Heaps of Sheep

I started this blog intending to recap our European adventures before we moved back to the States. I can’t believe we only have about 50 days remaining here! Looks like I’ll do some reminiscing from the other side of the pond.

And speaking of reminiscing…

Big D and I tagged along on a trip to Killarney, Ireland with Tricia and Lee over MLK weekend in 2011. We arrived early on a Friday morning and headed right to a pub for breakfast. And then we spent the day driving around the Dingle Peninsula:

me & Tricia on Inch Beach
Tricia and me at Inch Beach

Dingle Marina
Dingle Marina

Guinness is good for you!
I looked like this during most meals

Big D and Lee were quite patient and stopped our rental SUV every time Tricia and I wanted to take a million photos, which was every few kilometers. But it was worth all of that pausing!
Dingle Peninsula

Dingle Peninsula

Slea Head
Slea Head

I was especially excited to visit the Gallarus Observatory, one of my sister Kara’s favorite places:
Gallarus Oratory

The next day was rainy, but that didn’t stop us from exploring the Ring of Kerry:
Ring of Kerry Ladies view
Ladies View

Big D at Staigue Ring Fort
Big D at the Staigue Ring Fort

On Sunday, we trekked to Blarney and Kinsale:

Blarney Castle
I had no idea that the Blarney Stone is located at the top of the tower. And there was another new bit of information: kissing the stone doesn’t give you luck – it grants the gift of conversation. I think everyone would agree that I do not need any help in that area. Good thing, as there was no way in hell I was going to lay down to hang my head backwards so I could kiss a dirty rock. (Did I mention I expected it to be a beautiful emerald? Guess I should have done my homework…)

The town of Kinsale is beautiful and dinner there at a delightful restaurant called Fishy Fishy Cafe was so fantastic we bought their cookbook on our way out.
Kinsale Yacht Club
Kinsale Yacht Club

We spent our final day driving through the Gap of Dunloe and hiking to a waterfall in Killarney National Park:

Gap of Dunloe
Gap of Dunloe

It was fun to see the same view from a few days prior, this time with great weather:
Ladies View
Ladies View

Killarney National Park
Killarney National Park

Lee, me & Big D
Lee, me and Big D at the Torc Waterfall

We spent a lot of time laughing on this trip, and I kept notes on my iPhone. These may not make sense to you, but I’m going to post them for Big D, Tricia & Lee’s benefit:

  • Those are pretty small sheep. They must be for kid sized sweaters.
  • It’s hard to make a living if you’ve only got a dozen sheep. You must just stand there saying “grow” to them all day.
  • In order not to delete any of the heaps of sheeps, there’s a hedge at the edge of the ledge.
  • What if we saw a llama wearing a yarlmuke?
  • You want to sit on my lap and talk about… Wait, did he just say poptarts?
  • At the last pub I had the pope staring at me. Here it’s Jesus…
  • She’s 101 years old. So she’s not on Facebook? Nope, but she tweets like a MF’er…
  • *scrape* *scratch* “It’s a rental!”
  • Nope. That’s Scottish.

More photos from our fun weekend are over on Flickr.

Adventures with Angie: Belfast

After a sleep so sound Angie supposedly considered holding a mirror under my nose to see if I was breathing, we had a final breakfast with Jen & Gary and on the morning of Thursday, August 9th, we took a taxi to the train station and made our way from Dublin to Belfast.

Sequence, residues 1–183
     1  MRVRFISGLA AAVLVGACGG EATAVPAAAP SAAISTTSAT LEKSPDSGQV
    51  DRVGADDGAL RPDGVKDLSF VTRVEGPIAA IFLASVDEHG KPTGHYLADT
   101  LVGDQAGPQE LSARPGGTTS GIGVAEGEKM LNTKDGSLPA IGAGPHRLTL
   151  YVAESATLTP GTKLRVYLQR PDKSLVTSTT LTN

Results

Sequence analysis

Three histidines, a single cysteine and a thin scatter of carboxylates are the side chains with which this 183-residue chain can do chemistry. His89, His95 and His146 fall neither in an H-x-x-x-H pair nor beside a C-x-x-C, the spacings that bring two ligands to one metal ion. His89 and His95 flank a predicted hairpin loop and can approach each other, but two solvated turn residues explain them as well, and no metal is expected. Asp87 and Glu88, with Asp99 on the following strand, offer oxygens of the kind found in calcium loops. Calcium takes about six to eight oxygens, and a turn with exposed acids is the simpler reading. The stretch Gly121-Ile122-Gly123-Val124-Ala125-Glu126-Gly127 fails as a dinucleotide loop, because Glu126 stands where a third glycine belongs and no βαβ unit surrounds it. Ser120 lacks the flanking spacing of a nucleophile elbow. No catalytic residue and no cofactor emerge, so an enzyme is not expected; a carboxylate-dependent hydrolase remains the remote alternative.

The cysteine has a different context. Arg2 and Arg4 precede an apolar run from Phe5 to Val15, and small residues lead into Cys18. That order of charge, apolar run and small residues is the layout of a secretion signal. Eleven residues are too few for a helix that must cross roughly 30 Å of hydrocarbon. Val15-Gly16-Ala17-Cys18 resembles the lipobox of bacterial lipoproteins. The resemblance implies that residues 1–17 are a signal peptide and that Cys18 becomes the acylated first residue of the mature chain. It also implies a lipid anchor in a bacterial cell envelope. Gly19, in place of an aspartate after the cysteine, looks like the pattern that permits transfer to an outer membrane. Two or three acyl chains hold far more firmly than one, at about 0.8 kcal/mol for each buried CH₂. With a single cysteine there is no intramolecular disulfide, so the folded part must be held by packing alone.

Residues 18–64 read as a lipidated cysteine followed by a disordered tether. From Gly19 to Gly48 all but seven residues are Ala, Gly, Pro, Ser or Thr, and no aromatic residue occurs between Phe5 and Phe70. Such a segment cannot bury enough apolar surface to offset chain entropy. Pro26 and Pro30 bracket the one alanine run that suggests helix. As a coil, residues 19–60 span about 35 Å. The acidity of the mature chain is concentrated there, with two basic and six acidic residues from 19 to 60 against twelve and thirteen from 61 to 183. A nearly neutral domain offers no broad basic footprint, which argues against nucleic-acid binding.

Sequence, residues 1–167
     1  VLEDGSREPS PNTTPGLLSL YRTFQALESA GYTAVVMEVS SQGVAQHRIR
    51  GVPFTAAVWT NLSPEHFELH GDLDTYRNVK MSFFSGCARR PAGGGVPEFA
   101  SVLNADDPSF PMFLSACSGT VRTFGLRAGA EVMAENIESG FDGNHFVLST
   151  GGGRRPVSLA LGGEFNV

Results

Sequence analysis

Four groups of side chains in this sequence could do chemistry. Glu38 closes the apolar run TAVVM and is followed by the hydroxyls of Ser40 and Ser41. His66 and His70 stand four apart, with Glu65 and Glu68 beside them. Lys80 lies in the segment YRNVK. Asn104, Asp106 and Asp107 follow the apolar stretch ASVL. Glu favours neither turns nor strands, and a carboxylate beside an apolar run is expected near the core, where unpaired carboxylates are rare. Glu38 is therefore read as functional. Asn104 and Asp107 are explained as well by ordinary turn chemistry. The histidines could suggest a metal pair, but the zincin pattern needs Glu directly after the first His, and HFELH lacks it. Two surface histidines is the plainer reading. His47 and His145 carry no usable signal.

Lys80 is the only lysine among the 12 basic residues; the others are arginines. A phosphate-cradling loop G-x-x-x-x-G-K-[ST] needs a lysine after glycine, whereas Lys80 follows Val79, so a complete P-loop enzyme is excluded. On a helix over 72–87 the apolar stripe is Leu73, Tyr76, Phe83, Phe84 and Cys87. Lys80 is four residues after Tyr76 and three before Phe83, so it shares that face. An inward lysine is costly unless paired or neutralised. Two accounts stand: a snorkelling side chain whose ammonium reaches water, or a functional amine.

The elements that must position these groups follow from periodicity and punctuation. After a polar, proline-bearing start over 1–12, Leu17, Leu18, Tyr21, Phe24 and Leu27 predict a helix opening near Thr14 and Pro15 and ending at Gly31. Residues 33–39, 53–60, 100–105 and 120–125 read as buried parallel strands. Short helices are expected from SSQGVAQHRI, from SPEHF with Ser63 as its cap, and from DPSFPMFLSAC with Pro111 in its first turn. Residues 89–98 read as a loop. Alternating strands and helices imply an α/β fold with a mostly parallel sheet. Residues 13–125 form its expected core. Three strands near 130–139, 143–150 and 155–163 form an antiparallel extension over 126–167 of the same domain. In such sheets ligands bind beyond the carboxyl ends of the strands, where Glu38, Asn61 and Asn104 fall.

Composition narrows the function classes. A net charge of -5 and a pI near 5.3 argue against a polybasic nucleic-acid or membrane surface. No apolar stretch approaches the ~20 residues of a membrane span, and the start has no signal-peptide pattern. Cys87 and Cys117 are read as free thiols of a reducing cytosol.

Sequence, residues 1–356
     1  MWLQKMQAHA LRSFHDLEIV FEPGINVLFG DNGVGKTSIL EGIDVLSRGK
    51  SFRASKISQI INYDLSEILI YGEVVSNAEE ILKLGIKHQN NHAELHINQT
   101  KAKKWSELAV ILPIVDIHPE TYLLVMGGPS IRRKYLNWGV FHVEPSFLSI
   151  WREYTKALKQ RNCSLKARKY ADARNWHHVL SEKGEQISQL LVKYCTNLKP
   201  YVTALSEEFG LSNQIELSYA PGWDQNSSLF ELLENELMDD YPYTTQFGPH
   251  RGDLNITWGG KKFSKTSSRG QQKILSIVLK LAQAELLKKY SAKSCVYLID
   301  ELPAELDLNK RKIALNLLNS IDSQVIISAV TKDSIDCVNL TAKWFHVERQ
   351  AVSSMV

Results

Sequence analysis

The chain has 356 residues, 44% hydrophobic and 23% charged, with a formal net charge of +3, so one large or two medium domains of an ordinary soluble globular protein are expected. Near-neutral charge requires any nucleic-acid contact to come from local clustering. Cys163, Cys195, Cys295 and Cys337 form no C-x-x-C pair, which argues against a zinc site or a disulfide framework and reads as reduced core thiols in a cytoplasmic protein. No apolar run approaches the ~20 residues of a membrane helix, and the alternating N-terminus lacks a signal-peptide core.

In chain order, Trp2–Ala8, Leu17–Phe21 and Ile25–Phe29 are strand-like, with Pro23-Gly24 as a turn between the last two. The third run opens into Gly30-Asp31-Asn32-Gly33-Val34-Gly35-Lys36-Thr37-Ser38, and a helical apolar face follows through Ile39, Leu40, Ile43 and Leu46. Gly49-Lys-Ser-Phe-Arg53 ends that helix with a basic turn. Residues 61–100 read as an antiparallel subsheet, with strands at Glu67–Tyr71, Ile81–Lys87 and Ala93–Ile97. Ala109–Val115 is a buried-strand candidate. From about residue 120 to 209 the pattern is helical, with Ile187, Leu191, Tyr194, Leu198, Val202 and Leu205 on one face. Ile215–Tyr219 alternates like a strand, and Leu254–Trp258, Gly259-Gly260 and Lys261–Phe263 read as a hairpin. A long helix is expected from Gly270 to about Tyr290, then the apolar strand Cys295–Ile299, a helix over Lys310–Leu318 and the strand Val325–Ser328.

train from Dublin to Belfast

The folks at The Merchant Hotel were kind enough to store our bags and point us in the right direction for shopping. I was thrilled to see an old favorite from the States, where we both bought a few things.

Yep. We shopped.

We wandered downtown for a while noting places we’d like to stop back at, and climbed to the Victoria Square viewing platform.

Albert Memorial Clock, Belfast

Victoria Square, Belfast

Next up was High Tea back at The Merchant, where we took clandestine photographs:
Merchant Hotel High Tea

Since Northern Ireland is part of the UK, and London was hosting the Olympics, we were technically in the host country. So, a giant public viewing area was set up on the City Hall lawn. We wandered in and sat down just in time to see local favorite Katie Taylor fight and win the (first ever) Women’s Light Weight Boxing Gold Medal. The crowd was nervous for her and cheered like mad – I am thrilled we had the opportunity to watch with them.

Belfast City Hall

Katie Taylor winning Gold

We shopped a bit more and Angie coordinated a Black Taxi tour of the city. Oh, Belfast! Your history (“The Troubles”) is fascinating and confusing, and your future is full of promise.

We stopped at too many places to cover here, but standouts included the new Titanic Museum, with sections built in the same dimensions as the ship, which was built there:
Titanic Museum

A stop at the Crumlin Road Courthouse:

old Belfast courthouse

If buildings have memories, Crumlin Road courthouse must harbour more emotions than almost any other in Belfast, having been for decades an epicentre of the Troubles in the city. The courthouse is where more than 10,000 republicans, loyalists and others were tried by the Diplock non-jury courts. At a rough guess, the judges who heard these cases handed down sentences that totalled more than a quarter of a million years.